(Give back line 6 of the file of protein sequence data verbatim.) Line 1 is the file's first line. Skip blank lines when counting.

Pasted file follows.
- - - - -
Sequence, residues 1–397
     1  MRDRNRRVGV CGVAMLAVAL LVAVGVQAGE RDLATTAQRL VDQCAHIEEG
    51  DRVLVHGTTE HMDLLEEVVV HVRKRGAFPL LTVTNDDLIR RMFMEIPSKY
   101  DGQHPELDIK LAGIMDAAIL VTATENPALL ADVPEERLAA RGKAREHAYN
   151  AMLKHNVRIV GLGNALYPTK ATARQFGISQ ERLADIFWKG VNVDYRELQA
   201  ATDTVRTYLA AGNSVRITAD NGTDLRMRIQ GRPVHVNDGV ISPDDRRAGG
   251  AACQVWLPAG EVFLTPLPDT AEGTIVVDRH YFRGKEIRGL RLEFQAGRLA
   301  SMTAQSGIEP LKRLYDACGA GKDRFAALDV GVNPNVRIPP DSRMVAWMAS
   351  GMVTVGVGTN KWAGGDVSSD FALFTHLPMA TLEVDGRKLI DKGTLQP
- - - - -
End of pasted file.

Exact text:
   201  ATDTVRTYLA AGNSVRITAD NGTDLRMRIQ GRPVHVNDGV ISPDDRRAGG